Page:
Leveraging Globalization to Revive Traditional Foods

  •  Jena Trolio    
  •  Molly Eckman    
  •  Khanjan Mehta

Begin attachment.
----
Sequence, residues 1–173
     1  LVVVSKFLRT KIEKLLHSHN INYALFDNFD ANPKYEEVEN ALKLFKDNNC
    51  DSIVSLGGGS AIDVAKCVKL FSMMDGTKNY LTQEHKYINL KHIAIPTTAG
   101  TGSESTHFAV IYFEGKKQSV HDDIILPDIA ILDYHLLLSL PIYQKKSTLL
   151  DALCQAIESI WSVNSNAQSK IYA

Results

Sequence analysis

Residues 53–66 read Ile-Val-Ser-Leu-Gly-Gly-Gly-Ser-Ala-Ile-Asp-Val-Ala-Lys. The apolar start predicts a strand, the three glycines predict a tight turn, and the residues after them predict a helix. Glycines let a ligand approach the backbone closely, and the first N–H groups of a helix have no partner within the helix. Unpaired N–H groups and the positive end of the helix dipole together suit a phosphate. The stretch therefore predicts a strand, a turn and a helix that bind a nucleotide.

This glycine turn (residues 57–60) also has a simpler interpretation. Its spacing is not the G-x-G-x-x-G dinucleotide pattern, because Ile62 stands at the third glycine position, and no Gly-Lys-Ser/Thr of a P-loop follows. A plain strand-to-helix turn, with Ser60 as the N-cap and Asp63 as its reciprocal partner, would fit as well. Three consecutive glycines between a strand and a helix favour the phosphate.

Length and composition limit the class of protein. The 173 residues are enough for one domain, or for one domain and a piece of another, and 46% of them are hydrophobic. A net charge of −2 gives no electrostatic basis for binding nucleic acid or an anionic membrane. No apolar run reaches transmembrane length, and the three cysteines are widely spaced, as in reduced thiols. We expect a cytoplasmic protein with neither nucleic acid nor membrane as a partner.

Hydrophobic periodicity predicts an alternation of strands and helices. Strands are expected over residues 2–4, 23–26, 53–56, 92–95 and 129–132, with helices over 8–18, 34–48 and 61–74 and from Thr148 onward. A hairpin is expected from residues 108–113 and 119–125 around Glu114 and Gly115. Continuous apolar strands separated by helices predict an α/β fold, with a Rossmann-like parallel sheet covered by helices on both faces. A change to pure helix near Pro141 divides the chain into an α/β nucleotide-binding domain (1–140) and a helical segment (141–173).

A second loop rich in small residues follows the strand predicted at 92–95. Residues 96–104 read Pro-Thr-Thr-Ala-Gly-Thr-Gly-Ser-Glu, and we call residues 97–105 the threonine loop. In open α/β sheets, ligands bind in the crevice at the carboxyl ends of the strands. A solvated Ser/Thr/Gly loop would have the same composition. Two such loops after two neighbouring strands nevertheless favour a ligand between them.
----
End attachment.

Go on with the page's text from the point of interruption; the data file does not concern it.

Traditional foods are important to the sustainability of their native regions because they are often keystone assets to food security, economic stability, and quality nutrition. Globalization of agricultural markets, changing lifestyles, and rural-to-urban migration has contributed to the gradual loss of traditional foods in developing countries. The transition from traditional foods to imported refined carbohydrates, sugars, and edible oils has promoted nutrient deficiency, economic instability, and food insecurity. While the effects of globalization have been largely negative for indigenous foods, globalization is inevitable and has potentially useful aspects. Local champions and international supporters can leverage specific technologies and market patterns brought about or influenced by globalization to revive culinary traditions, strengthen local food systems, and bolster indigenous livelihoods. Such approaches include helping farmers benefit from technological advances in efficiency and economy of scale, biotechnology, post-harvest processing, and smart infrastructure combined with ethically-conscious food sourcing. Trends such as human migration, exotic food fads, interest in nutritious and organic foods, the rise of social media, and agricultural extension and education can also support improvements in local agricultural products and their globalizing markets. Collectively, these efforts can help revive sustainable traditional food production and enhance the lives and livelihoods of indigenous communities.

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